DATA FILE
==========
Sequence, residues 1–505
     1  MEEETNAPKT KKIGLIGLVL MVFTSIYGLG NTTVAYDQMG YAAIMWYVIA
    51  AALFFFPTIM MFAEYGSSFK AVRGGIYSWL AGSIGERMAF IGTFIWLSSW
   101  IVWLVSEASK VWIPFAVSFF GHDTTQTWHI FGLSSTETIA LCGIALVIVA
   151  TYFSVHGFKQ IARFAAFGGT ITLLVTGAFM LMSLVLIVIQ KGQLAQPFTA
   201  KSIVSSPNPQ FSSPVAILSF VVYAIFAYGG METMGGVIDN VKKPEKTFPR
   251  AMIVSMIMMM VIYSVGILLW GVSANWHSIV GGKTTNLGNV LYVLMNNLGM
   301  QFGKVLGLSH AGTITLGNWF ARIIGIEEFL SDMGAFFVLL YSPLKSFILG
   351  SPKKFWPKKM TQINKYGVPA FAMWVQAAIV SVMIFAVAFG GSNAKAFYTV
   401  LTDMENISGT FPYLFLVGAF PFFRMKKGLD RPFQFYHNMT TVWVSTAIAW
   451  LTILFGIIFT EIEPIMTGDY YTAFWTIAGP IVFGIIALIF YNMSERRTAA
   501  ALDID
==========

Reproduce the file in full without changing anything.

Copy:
Sequence, residues 1–505
     1  MEEETNAPKT KKIGLIGLVL MVFTSIYGLG NTTVAYDQMG YAAIMWYVIA
    51  AALFFFPTIM MFAEYGSSFK AVRGGIYSWL AGSIGERMAF IGTFIWLSSW
   101  IVWLVSEASK VWIPFAVSFF GHDTTQTWHI FGLSSTETIA LCGIALVIVA
   151  TYFSVHGFKQ IARFAAFGGT ITLLVTGAFM LMSLVLIVIQ KGQLAQPFTA
   201  KSIVSSPNPQ FSSPVAILSF VVYAIFAYGG METMGGVIDN VKKPEKTFPR
   251  AMIVSMIMMM VIYSVGILLW GVSANWHSIV GGKTTNLGNV LYVLMNNLGM
   301  QFGKVLGLSH AGTITLGNWF ARIIGIEEFL SDMGAFFVLL YSPLKSFILG
   351  SPKKFWPKKM TQINKYGVPA FAMWVQAAIV SVMIFAVAFG GSNAKAFYTV
   401  LTDMENISGT FPYLFLVGAF PFFRMKKGLD RPFQFYHNMT TVWVSTAIAW
   451  LTILFGIIFT EIEPIMTGDY YTAFWTIAGP IVFGIIALIF YNMSERRTAA
   501  ALDID